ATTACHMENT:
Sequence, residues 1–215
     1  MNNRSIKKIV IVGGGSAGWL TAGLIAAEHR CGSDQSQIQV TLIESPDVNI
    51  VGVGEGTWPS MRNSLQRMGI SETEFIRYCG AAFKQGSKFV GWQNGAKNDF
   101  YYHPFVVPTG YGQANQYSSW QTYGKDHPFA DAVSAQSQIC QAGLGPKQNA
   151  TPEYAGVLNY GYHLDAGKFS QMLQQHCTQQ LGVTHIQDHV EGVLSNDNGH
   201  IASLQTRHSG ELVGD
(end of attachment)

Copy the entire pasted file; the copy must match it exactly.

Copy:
Sequence, residues 1–215
     1  MNNRSIKKIV IVGGGSAGWL TAGLIAAEHR CGSDQSQIQV TLIESPDVNI
    51  VGVGEGTWPS MRNSLQRMGI SETEFIRYCG AAFKQGSKFV GWQNGAKNDF
   101  YYHPFVVPTG YGQANQYSSW QTYGKDHPFA DAVSAQSQIC QAGLGPKQNA
   151  TPEYAGVLNY GYHLDAGKFS QMLQQHCTQQ LGVTHIQDHV EGVLSNDNGH
   201  IASLQTRHSG ELVGD